Headspace? Insight Timer? – Sorry, I’m Not a Fan
By Kristine Kaoverii Weber | October 7, 2022
The first thing I want to say is if you love Headspace, Insight Timer, Calm or of any of the other 2500 meditation apps out there then…who am I to steal your joy? Let’s stay friends. Stop reading now, have fun, and I’ll catch up with you next week.
It’s not that meditation apps aren’t useful – of course they are – many people swear by them. But, when you shine the light of yoga philosophy on the topic, there are a couple of fundamental problems – beyond things like coding glitches.
Meditation is ancient, apps are new – but somehow folks managed to meditate in the good old days. If you rely on apps to meditate, what happens when your phone dies, and you are in a kayak without a power source? What happens if your app gets deleted, or the developer pulls it, or the internet implodes? Does that mean your meditation practice disappears forever?
App meditation is dependent upon an external source, and so it actually misses the point of meditation – which is to use your mind to train your mind to get out of your mind. Apps can’t do that. Sure, they can help you relax, distract, and enjoy pleasant experiences, but they can’t do what your mind can, because they are not a part of the structure of you.
According to the yoga tradition, pratyāhāra, the fifth limb of yoga, is the gateway to meditation. Pratyāhāra means something like taming or quieting the senses and motor organs. There are various pratyāhāra techniques which are aimed at helping you calm the mind by turning the energy that is usually directed outward into the external world, inward towards your magnificent inner universe.
Two fundamental aspects of pratyāhāra in traditional yogic meditation are sitting still with legs crossed and hands folded to initiate the inward trajectory of the energy of the motor organs (like walking, working with your hands, etc.), and finding a quiet place where you can close your eyes (and your mouth) so that you don’t get distracted by noises, conversations, etc. and draw the energy of the senses within (of course if you have knee or hip issues, sitting in a chair is fine).
An ancient metaphor in the yoga tradition for pratyāhāra is the chariot. The senses and motor organs are like horses. Without reins they will run around, chew on some daisies, check out the river and get a drink, play with each other, and basically horse around whatever chance they get.
The mind, however, has the potential to act as reins for the chariot. And the driver of the chariot is the Buddhi, the discerning wise part of yourself that has the ability to see through the distractions in life and direct your mind towards a higher goal. The atman or unchanging, infinite awareness part of yourself is the passenger, who says, “Hey, I need to get home to my cosmic ocean of Oneness so take me there.” And basically that’s the journey that yogic meditation was developed for.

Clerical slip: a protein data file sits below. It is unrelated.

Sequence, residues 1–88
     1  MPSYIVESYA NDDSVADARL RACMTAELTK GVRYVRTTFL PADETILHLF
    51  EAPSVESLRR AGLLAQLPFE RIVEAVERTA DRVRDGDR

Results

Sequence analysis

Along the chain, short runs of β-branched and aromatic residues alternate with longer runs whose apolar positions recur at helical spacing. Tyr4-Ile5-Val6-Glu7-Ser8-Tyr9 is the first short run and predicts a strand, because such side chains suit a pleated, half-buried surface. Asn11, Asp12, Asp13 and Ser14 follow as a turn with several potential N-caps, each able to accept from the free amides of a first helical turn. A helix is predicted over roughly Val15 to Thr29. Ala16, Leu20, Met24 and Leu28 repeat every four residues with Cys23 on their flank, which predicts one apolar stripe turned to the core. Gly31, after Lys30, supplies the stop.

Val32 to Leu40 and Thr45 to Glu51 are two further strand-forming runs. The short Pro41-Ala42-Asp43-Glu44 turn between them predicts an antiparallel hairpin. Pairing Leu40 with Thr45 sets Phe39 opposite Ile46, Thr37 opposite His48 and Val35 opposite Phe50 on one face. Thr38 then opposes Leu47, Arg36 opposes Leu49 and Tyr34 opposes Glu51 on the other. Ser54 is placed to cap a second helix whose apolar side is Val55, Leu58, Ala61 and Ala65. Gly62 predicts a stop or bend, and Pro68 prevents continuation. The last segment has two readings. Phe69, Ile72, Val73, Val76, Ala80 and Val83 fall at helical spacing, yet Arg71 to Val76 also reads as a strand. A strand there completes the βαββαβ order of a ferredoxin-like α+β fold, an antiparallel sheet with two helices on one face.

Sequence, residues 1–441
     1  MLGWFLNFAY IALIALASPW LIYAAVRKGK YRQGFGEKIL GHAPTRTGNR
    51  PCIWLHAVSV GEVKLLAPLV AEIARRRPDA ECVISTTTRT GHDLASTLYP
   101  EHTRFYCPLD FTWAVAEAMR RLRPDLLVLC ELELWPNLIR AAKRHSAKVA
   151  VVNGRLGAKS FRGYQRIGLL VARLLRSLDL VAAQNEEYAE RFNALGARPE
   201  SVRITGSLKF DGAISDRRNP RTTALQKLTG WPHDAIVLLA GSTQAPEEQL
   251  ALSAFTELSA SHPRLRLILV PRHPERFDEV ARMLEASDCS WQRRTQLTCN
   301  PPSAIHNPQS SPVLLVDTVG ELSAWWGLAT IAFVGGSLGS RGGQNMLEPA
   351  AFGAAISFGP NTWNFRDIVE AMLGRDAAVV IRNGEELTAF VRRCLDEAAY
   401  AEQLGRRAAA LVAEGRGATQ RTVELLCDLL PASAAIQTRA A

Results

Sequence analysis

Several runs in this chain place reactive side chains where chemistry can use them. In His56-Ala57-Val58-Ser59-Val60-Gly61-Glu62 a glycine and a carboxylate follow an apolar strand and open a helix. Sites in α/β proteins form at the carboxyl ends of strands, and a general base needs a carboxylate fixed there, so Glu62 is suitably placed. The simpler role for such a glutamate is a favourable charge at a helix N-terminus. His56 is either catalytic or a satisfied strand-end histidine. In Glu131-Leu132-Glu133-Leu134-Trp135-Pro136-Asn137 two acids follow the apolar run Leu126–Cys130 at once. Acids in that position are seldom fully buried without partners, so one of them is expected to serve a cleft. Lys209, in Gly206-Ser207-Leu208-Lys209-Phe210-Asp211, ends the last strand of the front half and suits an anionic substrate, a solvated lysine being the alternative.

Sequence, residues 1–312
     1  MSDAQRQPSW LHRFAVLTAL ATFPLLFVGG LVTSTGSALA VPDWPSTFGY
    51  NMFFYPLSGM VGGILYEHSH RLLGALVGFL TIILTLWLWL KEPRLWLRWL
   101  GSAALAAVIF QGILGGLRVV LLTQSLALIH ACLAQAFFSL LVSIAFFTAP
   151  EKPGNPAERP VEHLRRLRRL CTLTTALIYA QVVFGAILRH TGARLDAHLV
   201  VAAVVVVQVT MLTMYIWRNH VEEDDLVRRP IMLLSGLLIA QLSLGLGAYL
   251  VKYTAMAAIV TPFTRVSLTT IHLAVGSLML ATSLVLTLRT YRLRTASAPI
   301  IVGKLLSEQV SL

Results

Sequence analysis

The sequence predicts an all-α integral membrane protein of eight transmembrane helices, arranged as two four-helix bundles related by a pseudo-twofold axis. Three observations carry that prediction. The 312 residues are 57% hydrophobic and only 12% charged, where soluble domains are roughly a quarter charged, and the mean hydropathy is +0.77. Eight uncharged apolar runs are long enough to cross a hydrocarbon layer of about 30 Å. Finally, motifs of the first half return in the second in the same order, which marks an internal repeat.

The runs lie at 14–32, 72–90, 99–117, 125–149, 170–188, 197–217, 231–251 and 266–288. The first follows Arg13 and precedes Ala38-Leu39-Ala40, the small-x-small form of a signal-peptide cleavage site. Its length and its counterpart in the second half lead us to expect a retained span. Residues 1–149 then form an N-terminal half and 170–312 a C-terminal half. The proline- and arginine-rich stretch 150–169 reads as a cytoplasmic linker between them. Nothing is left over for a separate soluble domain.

The tantric yogis would argue that there’s nothing wrong with enjoying the daisies, the river, and the horsing around, as long as you remember that it’s all part of an ephemeral, passing show as you journey back to the infinite.
As for the senses, the yogis intuited sound as the most subtle and perhaps poignant of all the senses. Isn’t it interesting how sound can change everything – the body and mind can shift dramatically just by hearing a stunning piece of music, the sound of a loved one’s voice, or the pleas of a persistent cat.
When you are listening to a meditation app and someone is guiding you through a visualization, your sense of sound is fired up, that horse is not reined in. And while it can be a pleasant experience to listen to a lovely voice saying soothing things, it does not cultivate pratyāhāra – the point of which is to reverse the energy of all the external experience seeking senses and direct them towards the inner universe.
Pratyāhāra prepares for dhāraṇā, the sixth limb of yoga, which is the limb that trains the mind to concentrate. Yogis have used many techniques for dhāraṇā but probably the most famous is mantra. Mantra means “the tool (or technology) that liberates the mind.” A short mantra provides a tool to train the mind to concentrate and focus.
One researcher wrote, “…mantra aids in maintaining sharp focus of attention to the exclusion of incoming sensory stimuli and awareness of one’s own body.” (Fox, 2016) In other words mantra is a tool of focus for the mind that enhances pratyāhāra.
If you worry a lot, if you have trouble sleeping, if you spend a lot of time on what ifs, wouldn’t it be great to learn how to turn that stuff off? Apps might help in the short run, but it’s meditation old style that actually can make those important shifts happen.
Please check out my free ebook, 5 Ways Yogic Meditation Benefits Your Brain.